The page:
The new federal law known as COBRA (Consolidated Omnibus Budget Reconciliation Act) may contain a hidden bonus for some small companies -- a provision that will allow many of them to save money on the benefits they offer employees hired away from larger companies. The provision requires employers to give departing employees the option of continuing their health-insurance coverage for up to 18 months. The employee has to pay for the coverage, but the tab can't be more than 2% over the employer's cost. Since large companies enjoy a significant rate advantage (often 20%, by one estimate), a small company may find that it makes sense to reimburse new employees for continued coverage under their previous plans.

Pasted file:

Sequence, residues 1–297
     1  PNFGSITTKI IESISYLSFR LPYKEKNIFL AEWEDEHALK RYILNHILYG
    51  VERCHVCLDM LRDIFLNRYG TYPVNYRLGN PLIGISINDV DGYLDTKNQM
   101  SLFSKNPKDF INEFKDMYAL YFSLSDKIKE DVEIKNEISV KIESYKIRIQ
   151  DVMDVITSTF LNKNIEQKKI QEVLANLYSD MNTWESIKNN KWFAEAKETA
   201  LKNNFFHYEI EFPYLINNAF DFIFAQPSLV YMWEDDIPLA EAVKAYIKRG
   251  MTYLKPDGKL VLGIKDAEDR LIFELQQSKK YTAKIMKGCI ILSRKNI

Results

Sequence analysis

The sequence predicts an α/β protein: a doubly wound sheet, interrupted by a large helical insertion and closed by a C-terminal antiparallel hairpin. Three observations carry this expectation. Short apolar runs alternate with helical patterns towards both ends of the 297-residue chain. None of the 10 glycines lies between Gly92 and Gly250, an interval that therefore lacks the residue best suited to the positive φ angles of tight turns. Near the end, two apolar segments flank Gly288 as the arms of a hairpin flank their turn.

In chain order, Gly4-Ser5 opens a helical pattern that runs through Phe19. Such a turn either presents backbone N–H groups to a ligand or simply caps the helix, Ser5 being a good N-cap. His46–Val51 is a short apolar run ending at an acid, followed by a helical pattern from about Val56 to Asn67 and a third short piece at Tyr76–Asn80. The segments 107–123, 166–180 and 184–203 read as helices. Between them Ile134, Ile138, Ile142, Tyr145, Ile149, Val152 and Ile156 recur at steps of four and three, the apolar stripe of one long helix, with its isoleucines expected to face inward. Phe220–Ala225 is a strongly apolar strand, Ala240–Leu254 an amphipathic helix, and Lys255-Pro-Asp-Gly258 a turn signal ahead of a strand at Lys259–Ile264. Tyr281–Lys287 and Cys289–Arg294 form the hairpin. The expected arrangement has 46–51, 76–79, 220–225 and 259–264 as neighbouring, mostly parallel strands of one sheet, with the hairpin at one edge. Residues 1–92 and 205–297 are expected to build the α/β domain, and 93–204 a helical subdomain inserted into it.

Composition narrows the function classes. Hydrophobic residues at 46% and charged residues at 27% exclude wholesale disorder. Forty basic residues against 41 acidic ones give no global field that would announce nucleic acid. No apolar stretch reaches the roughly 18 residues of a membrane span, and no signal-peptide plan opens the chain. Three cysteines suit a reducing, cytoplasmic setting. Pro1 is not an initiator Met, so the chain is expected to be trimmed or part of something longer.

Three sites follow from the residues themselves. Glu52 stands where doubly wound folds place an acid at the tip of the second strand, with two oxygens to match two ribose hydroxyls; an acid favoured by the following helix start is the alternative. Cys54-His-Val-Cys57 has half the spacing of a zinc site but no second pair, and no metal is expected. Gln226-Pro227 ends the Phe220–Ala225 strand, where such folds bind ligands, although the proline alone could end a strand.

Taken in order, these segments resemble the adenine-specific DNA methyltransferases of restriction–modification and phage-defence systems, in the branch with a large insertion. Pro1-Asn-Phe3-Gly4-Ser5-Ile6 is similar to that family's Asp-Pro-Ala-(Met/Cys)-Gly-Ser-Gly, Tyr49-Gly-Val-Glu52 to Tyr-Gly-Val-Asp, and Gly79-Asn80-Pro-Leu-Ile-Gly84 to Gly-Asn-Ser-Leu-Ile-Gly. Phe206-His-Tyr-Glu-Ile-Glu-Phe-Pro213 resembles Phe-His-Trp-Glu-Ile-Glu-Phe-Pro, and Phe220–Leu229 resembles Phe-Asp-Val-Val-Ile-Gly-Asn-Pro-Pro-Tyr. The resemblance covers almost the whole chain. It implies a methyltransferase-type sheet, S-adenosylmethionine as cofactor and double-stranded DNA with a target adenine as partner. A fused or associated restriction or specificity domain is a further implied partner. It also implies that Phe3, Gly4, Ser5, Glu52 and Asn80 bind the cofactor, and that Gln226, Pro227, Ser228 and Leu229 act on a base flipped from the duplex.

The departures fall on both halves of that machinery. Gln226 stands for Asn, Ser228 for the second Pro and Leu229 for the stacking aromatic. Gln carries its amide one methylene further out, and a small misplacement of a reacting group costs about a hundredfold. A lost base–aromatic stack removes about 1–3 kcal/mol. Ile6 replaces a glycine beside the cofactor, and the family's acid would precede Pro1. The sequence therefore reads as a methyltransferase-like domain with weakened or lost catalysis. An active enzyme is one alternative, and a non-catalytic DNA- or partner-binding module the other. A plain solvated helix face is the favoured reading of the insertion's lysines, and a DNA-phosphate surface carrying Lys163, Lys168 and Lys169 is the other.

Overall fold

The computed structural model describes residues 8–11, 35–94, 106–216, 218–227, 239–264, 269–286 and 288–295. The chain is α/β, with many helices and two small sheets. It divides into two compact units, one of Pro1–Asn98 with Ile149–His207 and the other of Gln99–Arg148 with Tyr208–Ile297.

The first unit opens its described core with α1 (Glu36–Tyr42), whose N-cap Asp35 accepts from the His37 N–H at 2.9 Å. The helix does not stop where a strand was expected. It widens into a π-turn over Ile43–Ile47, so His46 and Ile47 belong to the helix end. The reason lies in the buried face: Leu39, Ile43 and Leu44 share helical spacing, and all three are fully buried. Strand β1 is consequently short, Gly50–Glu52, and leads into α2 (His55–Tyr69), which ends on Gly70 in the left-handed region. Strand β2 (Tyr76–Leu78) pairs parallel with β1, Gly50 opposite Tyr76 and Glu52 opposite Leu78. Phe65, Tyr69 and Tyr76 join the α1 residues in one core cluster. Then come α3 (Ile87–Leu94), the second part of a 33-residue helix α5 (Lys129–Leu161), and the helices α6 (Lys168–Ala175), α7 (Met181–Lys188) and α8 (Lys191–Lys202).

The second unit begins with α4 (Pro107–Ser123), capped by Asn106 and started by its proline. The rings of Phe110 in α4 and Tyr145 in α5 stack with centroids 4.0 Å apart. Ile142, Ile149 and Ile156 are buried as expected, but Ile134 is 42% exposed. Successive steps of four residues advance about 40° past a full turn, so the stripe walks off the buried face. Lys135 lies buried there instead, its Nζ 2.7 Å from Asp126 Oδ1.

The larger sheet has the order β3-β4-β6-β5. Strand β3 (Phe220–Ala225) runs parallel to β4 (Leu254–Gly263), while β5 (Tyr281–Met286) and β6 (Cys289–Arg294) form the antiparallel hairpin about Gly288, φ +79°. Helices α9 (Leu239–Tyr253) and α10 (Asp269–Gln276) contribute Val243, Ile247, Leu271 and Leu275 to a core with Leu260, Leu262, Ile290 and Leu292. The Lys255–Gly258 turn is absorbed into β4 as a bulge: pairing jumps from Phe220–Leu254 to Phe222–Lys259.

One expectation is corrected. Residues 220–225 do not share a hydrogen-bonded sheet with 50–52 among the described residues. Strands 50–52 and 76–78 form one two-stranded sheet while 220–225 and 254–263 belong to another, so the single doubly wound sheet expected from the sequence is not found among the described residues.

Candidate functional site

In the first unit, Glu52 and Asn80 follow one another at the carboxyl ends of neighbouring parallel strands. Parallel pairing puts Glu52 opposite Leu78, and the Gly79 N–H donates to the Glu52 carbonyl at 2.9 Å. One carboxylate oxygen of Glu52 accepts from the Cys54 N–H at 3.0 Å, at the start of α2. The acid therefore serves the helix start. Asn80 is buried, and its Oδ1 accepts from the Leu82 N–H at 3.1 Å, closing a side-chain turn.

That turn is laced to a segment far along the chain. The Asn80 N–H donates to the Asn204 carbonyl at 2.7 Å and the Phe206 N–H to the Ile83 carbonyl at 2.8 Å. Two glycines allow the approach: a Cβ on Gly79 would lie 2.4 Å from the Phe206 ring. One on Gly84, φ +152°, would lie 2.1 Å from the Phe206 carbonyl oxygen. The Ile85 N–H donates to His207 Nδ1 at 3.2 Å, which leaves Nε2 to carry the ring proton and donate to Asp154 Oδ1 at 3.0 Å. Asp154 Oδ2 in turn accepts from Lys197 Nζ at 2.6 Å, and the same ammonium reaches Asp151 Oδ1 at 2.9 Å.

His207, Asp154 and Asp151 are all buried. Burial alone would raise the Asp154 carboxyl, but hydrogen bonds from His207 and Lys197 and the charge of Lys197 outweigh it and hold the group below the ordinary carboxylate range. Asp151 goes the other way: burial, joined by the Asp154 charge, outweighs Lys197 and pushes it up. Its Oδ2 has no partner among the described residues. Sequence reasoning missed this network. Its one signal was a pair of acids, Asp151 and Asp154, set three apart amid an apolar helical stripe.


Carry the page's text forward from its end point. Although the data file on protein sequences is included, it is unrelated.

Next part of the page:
The reimbursements would, of course, be taxable income for the employee, which could reduce, or even eliminate, the savings to new employers who cover the tax as well as the insurance cost. But COBRA could prove a boon to other companies, especially start-ups, notes William J. Cammock, president of Cammock, Cammock & Tallitsch Inc., a benefits-and-compensation consulting firm in Cleveland. Some of them may find that the law lets them avoid the hassle of establishing health-insurance plans altogether, at least during their early months of operation.
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